This is a summary of what was said by UNHCR spokesperson Ron Redmond - to whom quoted text may be attributed - at the press briefing, on 12 July 2005, at the Palais des Nations in Geneva.
More than 1,000 Congolese have now returned to their homes in the Equateur Province of the Democratic Republic of the Congo (DRC) in one of UNHCR's most unusual - and logistically challenging - voluntary repatriations ever. Because of the lack of roads in the region, these return convoys travel by boat along the Oubangui River. Today our 10th convoy since the operation started on 27 April moved 109 people to the Libenge area of Equateur Province in north-west DRC, bringing to 1,076 the number of refugees to return with our assistance from their asylum in the neighbouring Republic of Congo (ROC). The refugees fled fighting between two Congolese rebel groups in 2000 and have been living peacefully in ROC since then. Altogether, some 58,000 DRC refugees are expected to return between now and the end of 2006. In addition to the riverboat portion, the rugged return journey includes crossing dense rain forest, numerous waterways and extremely rough roads. And the final leg home sometimes involves walking.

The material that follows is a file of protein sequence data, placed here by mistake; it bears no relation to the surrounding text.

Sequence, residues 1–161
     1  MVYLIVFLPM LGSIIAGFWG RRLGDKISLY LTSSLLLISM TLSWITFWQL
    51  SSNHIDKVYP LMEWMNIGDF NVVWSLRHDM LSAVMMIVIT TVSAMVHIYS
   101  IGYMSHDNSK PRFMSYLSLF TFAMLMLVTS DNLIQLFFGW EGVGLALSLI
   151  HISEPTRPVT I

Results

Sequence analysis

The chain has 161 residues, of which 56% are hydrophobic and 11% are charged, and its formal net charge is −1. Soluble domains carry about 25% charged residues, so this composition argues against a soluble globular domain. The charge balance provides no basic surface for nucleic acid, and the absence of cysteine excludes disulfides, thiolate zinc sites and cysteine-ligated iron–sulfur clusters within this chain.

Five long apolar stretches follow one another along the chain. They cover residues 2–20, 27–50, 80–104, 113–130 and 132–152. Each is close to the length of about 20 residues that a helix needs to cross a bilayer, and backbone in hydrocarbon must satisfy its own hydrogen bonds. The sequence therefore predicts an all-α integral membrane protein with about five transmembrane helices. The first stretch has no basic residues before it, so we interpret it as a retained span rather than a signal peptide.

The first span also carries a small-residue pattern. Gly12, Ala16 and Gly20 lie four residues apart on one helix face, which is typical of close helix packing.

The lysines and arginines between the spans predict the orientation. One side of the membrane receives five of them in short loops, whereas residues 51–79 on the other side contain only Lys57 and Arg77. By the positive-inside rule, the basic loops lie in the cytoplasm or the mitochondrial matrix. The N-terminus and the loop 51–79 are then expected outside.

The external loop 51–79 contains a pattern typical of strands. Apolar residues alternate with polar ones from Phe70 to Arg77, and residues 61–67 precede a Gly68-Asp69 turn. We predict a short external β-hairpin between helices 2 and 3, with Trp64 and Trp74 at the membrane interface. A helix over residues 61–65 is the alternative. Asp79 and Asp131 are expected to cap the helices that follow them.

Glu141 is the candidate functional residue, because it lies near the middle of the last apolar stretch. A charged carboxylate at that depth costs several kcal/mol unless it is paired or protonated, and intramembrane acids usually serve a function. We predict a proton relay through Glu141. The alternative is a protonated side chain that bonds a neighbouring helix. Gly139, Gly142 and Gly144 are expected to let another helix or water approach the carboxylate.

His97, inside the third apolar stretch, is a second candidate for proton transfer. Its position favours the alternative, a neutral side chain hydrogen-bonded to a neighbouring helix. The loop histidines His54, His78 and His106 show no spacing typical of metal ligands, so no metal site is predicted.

Because of safety concerns, we are limiting the number of passengers on each boat to 50, so each return convoy is small. The long, narrow boats carry passengers - underneath a wooden ceiling sheltering them from sun and rain - on rows of seats along the sides, facing each other. The returnees all wear life jackets for the journey of up to two or three hours along the river. So far we have not encountered any problems. Before war disrupted life in DRC, many of these people were accustomed to travelling to the capital, Kinshasa, by boat. For the repatriation convoys, their possessions are carried in a separate boat.
Refugees are given a medical exam the day before boarding the boats, to make sure they are strong enough for the journey. Once the returnees reach the DRC side, they are given a three-month supply of food, kitchen implements and a shelter kit to construct a house to help them resume their lives back home. When possible, trucks are used to transport the returnees to their final destinations.
Unlike traditional refugee situations where refugees live in camps, the 16,000 refugees in the Betou area of north-east ROC (1,040 km north-east of the capital, Brazzaville), live among the local population, supporting themselves by fishing, farming and foraging in the dense tropical forests. They are spread out in 39 sites along a 160-kilometre stretch of riverbank, which has made organizing their return challenging. Once refugees have registered for convoys home, we have to go out in boats and collect them from their villages of refuge and bring them to a transit centre before they can even begin the journey home.
In DRC, a country more often in the news because of what has been called one of the world's most overlooked wars, this is an important vote of confidence by the refugees themselves who recognize that Equateur Province, in the north-west of the country, is an enclave of peace and stability.